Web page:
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Gandalf /ˈɡændɑːlf/ is a fictional character and one of the protagonists in J. R. R. Tolkien's novels The Hobbit and The Lord of the Rings. He is a wizard, member of the Istari order, as well as leader of the Fellowship of the Ring and the army of the West. In The Lord of the Rings, he is initially known as Gandalf the Grey, but returns from death as Gandalf the White.
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Aragorn II, son of Arathorn is a fictional character from J. R. R. Tolkien's legendarium. He is one of the main protagonists of The Lord of the Rings. Aragorn was a Ranger of the North, first introduced with the name Strider at Bree, as the Hobbits continued to call him throughout The Lord of the Rings. He was eventually revealed to be the heir of Isildur and rightful claimant to the thrones of Arnor and Gondor. He was also a confidant of Gandalf and an integral part of the quest to destroy the One Ring and defeat the Dark Lord Sauron.
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Frodo Baggins is a fictional character in J. R. R. Tolkien's legendarium, and the main protagonist of The Lord of the Rings. Frodo is a hobbit of the Shire who inherits the One Ring from his cousin (referred to as his uncle) Bilbo Baggins and undertakes the quest to destroy it in the fires of Mount Doom. He is also mentioned in Tolkien's posthumously published works, The Silmarillion and Unfinished Tales.
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Gimli is a fictional character from J. R. R. Tolkien's Middle-earth legendarium, featured in The Lord of the Rings. A dwarfwarrior, he is the son of Glóin (a character from Tolkien's earlier novel, The Hobbit).
Gimli is chosen to represent the race of Dwarves in the Fellowship of the Ring. As such, he is one of the primary characters of the novel. In the course of the adventure, Gimli aids the Ring-bearer Frodo Baggins, participates in the War of the Ring, and becomes close friends with Legolas, overcoming an ancient enmity of Dwarves and Elves.
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Gollum is a fictional character from J. R. R. Tolkien's legendarium. He was introduced in the 1937 fantasy novel The Hobbit, and became an important supporting character in its sequel, The Lord of the Rings. Gollum was a Stoor Hobbit of the River-folk, who lived near the Gladden Fields. Originally known as Sméagol, he was corrupted by the One Ring and later named Gollum after his habit of making "a horrible swallowing noise in his throat".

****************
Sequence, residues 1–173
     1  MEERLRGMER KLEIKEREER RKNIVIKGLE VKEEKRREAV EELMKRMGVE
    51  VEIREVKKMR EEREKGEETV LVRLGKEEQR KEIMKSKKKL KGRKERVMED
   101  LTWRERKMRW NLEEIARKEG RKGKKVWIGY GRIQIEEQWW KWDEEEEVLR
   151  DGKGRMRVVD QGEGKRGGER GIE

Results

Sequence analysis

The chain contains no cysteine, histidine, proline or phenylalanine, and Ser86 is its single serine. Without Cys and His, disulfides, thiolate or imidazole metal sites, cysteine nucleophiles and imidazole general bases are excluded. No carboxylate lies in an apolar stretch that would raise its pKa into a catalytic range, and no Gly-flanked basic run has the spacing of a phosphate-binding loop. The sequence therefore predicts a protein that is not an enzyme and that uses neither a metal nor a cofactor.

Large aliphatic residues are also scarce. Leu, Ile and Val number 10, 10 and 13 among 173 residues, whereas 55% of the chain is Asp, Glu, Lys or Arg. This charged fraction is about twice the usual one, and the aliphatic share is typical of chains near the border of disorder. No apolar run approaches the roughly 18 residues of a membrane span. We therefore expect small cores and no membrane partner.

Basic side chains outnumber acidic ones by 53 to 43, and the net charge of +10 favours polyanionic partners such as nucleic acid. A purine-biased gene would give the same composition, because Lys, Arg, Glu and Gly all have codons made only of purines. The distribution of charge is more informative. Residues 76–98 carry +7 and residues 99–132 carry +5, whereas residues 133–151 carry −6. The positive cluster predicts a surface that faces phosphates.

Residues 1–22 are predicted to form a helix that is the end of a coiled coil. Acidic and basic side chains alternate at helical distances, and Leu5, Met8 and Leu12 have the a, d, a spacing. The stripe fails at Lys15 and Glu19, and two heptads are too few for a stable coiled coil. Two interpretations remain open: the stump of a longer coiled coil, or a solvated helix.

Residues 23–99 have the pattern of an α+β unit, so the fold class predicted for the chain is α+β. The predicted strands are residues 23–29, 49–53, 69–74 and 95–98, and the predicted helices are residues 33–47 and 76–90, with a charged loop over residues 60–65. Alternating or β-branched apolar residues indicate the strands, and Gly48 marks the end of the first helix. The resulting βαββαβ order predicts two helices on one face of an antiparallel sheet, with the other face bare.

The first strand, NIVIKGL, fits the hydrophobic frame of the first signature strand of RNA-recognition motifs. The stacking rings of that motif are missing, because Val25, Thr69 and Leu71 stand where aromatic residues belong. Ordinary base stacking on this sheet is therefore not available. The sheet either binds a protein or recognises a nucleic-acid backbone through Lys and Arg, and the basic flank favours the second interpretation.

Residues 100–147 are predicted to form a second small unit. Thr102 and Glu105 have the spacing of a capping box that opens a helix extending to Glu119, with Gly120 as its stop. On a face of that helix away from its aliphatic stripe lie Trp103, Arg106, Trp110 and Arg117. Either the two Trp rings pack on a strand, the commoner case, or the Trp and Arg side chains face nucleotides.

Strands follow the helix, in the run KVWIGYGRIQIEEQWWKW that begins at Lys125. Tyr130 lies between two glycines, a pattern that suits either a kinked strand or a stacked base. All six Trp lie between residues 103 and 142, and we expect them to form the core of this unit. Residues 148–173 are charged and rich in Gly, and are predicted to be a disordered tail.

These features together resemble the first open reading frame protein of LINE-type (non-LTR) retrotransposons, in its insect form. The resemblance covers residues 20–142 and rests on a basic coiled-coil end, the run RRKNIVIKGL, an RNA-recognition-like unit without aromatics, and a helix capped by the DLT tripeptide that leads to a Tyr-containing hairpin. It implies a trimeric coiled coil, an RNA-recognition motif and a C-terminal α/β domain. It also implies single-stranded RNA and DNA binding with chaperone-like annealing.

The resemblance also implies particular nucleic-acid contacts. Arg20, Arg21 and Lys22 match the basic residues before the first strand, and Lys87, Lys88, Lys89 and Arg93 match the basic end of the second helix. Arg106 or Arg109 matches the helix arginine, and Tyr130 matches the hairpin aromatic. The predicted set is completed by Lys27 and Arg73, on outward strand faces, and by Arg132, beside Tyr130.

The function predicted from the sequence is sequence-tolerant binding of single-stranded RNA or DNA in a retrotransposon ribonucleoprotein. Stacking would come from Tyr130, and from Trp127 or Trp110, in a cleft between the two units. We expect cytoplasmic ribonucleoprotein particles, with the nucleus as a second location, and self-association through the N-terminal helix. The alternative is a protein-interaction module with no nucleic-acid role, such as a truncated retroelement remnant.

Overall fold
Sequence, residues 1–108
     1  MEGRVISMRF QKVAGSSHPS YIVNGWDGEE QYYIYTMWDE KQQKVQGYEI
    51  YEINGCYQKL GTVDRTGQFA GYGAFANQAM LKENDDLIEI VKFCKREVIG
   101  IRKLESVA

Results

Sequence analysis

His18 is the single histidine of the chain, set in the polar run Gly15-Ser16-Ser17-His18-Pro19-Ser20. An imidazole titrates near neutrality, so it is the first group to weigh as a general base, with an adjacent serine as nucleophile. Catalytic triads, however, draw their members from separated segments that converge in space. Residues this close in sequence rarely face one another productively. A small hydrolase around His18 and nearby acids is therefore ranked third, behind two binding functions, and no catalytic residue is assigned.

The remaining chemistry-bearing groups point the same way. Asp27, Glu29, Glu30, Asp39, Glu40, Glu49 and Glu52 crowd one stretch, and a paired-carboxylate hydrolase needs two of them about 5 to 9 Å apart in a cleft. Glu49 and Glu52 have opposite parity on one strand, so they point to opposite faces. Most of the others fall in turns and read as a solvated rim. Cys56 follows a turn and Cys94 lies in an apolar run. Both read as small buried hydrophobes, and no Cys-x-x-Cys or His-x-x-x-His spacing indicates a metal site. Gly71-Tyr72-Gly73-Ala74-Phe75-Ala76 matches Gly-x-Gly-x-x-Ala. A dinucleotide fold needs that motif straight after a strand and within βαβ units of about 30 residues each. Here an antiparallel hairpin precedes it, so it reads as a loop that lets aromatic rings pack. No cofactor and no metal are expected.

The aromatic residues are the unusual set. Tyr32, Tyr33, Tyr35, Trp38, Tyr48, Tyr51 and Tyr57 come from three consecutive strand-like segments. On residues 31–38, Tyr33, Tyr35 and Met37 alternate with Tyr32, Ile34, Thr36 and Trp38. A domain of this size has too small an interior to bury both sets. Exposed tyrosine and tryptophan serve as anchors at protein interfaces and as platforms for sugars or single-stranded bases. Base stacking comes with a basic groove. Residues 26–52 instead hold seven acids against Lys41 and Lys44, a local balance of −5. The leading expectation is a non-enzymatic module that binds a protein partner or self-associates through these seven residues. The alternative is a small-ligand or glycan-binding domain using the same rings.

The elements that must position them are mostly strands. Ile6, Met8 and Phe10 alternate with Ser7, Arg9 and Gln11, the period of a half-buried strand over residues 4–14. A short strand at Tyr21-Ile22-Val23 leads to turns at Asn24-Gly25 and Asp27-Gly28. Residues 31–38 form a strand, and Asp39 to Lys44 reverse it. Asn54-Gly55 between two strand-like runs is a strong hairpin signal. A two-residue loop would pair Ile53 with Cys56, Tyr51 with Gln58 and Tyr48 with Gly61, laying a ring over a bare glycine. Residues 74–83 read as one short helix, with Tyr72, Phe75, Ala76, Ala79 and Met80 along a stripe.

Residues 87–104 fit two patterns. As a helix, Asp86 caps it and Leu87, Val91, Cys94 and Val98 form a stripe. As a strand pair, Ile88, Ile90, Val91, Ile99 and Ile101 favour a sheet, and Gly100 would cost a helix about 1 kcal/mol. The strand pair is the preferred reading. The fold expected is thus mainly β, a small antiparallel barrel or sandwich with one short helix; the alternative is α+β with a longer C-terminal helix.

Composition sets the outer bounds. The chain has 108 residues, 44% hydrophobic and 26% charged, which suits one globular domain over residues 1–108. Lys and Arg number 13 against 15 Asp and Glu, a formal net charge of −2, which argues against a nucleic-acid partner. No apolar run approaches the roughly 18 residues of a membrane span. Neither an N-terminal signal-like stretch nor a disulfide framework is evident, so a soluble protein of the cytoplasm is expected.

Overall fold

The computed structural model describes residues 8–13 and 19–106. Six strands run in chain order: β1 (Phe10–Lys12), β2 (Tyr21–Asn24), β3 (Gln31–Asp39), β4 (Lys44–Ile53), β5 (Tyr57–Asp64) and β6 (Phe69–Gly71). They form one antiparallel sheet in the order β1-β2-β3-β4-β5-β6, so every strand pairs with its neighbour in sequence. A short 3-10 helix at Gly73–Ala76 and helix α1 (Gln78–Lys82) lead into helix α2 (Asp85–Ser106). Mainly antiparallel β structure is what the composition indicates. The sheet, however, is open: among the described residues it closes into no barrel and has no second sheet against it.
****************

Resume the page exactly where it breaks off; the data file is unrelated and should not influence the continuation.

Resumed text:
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Sauron /ˈsaʊrɒn/ is the title character[note 1] and main antagonist of J. R. R. Tolkien's The Lord of the Rings.
In the same work, he is identified as the Necromancer, mentioned in Tolkien's earlier novel The Hobbit. In Tolkien's The Silmarillion (published posthumously by Tolkien's son Christopher Tolkien), he is also described as the chief lieutenant of the first Dark Lord, Morgoth. Tolkien noted that the Ainur, the "angelic" powers of his constructed myth, "were capable of many degrees of error and failing", but by far the worst was "the absolute Satanic rebellion and evil of Morgoth and his satellite Sauron".
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Saruman the White is a fictional character and a major antagonist in J. R. R. Tolkien's fantasy novel The Lord of the Rings. He is leader of the Istari, wizards sent to Middle-earth in human form by the godlike Valar to challenge Sauron, the main antagonist of the novel, but eventually he desires Sauron's power for himself and tries to take over Middle-earth by force. His schemes feature prominently in the second volume, The Two Towers, and at the end of the third volume, The Return of the King. His earlier history is given briefly in the posthumously published The Silmarillion and Unfinished Tales.